The history of the Argyll and Sutherland Highlanders
The Regimental Museum in Stirling Castle
98th (91st) at the Cape of Good Hope, South Africa, 1795
The 98th Highlanders arrived at Simonstown in September 1795, as part of a force some 4,500 strong under Sir Alured Clarke, an ambitious officer for whom the conquest of the Dutch colony at the Cape was the one great chance of achieving military renown. But the luck was all against him. His Second-in-Command had already forced a landing with the advance guard, and had driven the Dutch off their only tenable defensive position in front of Cape Town. When, after a cautious and leisurely disembarkation lasting no less than ten days, Sir Alured faced the now vastly outnumbered Dutch at Wynberg, they cheated him of his great victory by running away after one ragged volley which cost his army one seaman killed and 17 soldiers wounded, 4 of them from the 98th. He made the best of a bad job with a general order thanking his troops for 'their spirited exertions and cheerful perseverance through every hardship' in terms which Wellington would have thought fulsome after a major victory.
So the 98th had, technically, their baptism of fire, and settled down as the permanent garrison, to suffer for seven unhappy years really serious casualties from the insalubrious climate and the insanitary conditions in Cape Castle. They lost 11 dead in the first month; and they seldom had less than 100 sick in hospital.
(Illustration: Sergeant Major's Walking Stick. During the Regiment's return from the Cape in 1802 a swordfish attacked one of the ships and left its ivory sword sticking into the timbers. Andrew Mclean carried it as a walking stick during the Peninsular war and Waterloo Campaign. On McLean's death in 1869 the stick was returned to the Regiment to be handed to succesive Sgt Majors and carried on anniversaries of the battles inscribed on its eight gold plaques.)
Much worse, however, for morale was the order in December to adopt the standard uniform of the British Army in India. Lochnell had gone to vast trouble to fit them all out with six yards each of the dark green Campbell tartan with the black stripe. For the rest they wore the full Highland dress: scarlet coats faced with yellow for both officers and men; black stocks, leather for rank and file, velvet for the officers; diced hose in red and white with scarlet garters, and Highland shoes with yellow or gold oval shoe-buckles. Lace with black and white cotton for NCOs and men, silver for officers; and officers' epaulettes, when worn, were also of silver lace. All ranks wore the regulation Highland feather bonnet and officers wore their own hair, clubbed over the ears with red rosettes on each club and the queue tied with a black bow. All this had now to be abandoned for garments no more suitable for hot climates than the kilt, and drearily undistinguished: white trousers with black half-gaiters, scarlet tunics and absurd round, black, felt hats, 'at least 6 inches high with a 4-inch brim', curled up at the sides, with a plume over the left ear, white for the grenadier company, green for the light company and black for battalion companies.
In this costume, deeply resented by all ranks, the 98th soldiered on as the Cape Town garrison. There was little excitement to be had in a city of 1,200 houses inhabited by 5,000 free folk, Dutch and mixed races, and 10,000 black slaves. Food was cheap. But widespread deforestation had made firewood extremely expensive and also deprived the officers of any decent shooting. They improved their lot, however, by fetching out a pack of foxhounds and hunting jackal, while the troops stagnated and went down in large numbers with various local diseases. There was a brief flutter of military activity when the Dutch attempted to recover their colony in 1796. Morale in the Regiment was never allowed seriously to sink. With a typical Scots desire for self-improvement they formed a regimental school, with a fee of 1s. a month; and from Scotland Lochnell busied himself with the formation of a regimental band.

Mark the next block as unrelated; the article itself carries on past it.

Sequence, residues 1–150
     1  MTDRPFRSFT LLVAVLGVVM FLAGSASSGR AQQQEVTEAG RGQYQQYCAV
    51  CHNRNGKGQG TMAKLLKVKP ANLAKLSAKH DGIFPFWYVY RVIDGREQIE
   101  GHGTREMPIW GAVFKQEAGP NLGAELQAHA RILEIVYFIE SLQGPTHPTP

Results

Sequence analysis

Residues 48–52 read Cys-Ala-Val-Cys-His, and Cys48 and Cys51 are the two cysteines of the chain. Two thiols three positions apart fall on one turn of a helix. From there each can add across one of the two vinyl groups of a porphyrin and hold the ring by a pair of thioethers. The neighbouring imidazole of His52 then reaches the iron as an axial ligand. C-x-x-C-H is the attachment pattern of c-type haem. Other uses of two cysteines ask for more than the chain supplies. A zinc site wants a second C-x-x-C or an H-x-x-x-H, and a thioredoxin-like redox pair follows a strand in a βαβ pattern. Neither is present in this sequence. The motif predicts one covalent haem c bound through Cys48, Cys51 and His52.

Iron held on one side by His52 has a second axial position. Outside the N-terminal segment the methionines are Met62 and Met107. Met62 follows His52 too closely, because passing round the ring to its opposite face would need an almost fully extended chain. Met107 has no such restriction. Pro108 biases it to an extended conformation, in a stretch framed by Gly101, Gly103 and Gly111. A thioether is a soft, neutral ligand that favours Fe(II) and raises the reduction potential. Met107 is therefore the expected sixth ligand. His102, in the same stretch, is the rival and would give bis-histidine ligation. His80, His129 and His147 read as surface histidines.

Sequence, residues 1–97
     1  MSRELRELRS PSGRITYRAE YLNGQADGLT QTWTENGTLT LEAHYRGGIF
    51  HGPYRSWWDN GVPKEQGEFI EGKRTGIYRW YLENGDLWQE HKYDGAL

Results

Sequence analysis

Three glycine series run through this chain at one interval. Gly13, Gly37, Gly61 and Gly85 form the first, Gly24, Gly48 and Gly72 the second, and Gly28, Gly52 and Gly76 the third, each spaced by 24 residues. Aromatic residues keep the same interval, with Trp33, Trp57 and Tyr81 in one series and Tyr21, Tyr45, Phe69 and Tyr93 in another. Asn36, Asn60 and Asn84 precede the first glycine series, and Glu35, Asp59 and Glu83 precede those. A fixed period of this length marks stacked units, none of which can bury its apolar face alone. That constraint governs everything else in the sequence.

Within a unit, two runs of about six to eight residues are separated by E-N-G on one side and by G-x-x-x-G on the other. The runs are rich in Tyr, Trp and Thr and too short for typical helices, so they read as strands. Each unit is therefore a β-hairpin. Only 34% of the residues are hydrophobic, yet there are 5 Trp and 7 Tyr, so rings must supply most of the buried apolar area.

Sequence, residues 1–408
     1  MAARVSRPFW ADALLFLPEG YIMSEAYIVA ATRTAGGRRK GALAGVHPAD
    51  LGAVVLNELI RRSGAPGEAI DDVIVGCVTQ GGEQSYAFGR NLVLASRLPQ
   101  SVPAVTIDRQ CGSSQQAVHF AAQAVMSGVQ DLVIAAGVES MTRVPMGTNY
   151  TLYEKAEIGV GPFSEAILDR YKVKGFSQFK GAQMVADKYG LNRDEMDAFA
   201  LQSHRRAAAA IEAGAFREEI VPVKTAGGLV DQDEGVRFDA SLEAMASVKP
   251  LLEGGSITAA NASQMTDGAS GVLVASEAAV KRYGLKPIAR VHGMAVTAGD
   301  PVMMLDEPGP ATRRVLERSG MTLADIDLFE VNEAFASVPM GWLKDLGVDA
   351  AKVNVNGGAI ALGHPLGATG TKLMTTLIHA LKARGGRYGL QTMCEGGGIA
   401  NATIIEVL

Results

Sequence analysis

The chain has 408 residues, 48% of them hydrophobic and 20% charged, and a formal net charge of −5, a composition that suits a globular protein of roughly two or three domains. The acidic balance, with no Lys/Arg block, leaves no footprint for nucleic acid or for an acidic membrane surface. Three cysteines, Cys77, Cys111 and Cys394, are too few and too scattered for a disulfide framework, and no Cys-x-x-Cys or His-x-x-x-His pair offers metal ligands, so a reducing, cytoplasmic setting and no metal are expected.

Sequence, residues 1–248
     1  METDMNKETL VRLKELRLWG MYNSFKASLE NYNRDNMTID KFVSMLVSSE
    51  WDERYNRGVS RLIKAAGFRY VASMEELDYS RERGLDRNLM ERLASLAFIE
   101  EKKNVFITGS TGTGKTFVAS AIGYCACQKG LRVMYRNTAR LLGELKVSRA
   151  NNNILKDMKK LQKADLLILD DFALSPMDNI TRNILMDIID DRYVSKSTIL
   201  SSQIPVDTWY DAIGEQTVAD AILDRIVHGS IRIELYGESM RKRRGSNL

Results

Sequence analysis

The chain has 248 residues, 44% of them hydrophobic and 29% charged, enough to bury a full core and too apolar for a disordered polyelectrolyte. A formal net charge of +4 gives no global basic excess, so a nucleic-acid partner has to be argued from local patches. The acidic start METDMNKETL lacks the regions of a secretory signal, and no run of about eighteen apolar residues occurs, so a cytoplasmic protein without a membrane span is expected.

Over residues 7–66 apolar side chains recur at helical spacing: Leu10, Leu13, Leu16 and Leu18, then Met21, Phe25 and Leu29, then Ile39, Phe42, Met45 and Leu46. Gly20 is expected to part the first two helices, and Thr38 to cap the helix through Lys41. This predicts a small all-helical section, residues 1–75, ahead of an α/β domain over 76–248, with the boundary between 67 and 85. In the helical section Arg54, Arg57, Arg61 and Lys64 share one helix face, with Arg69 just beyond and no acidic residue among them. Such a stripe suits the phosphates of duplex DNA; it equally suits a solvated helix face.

Thus, nothing very decisive had happened to the now renumbered 91st when, under the terms of the Treaty of Amiens, they handed Cape Colony back to the Dutch and reassembled at Bexhill in May 1803. They were much depleted in numbers, having been heavily milked in their last months at the Cape to bring the regiments destined for India up to full strength; and it took them more than a year to get back their full Highland dress. From 1804 onwards the men were issued with six yards of tartan every two years for the upkeep of their kilts. All ranks wore the Kilmarnock bonnet, cocked, for fatigues and minor parades, covering it with the feather bonnet for ceremonial occasions. The plaid became increasingly a purely ceremonial garment and officers were forbidden the kilt as ball and dinner dress. To compensate, they were allowed gold epaulettes instead of silver.
All this helped to keep up morale for another five years of inactive soldiering, moving about southern England as part of the forces hopefully gathered to defeat Napoleon if the admirals ever let him slip across the Channel. They had a brief hope of better things when the Highland Brigade was sent to Hanover at the end of I805. But they were back in Kent throughout 1806 and thereafter in Cork. Throughout all this they clearly remained a very good regiment. They were ceaselessly inspected and invariably earned the 'Strong Approbation' of the generals. The Commander- in-Chief, H.R.H. the Duke of York, was 'Highly Pleased' with them in 1805. Rather more significantly, Sir John Moore was 'Extremely Well Pleased'; and before they left Dublin, in June 1808, to join the army in Portugal, they paraded for the Lord Lieutenant and gave him 'Great Satisfaction'.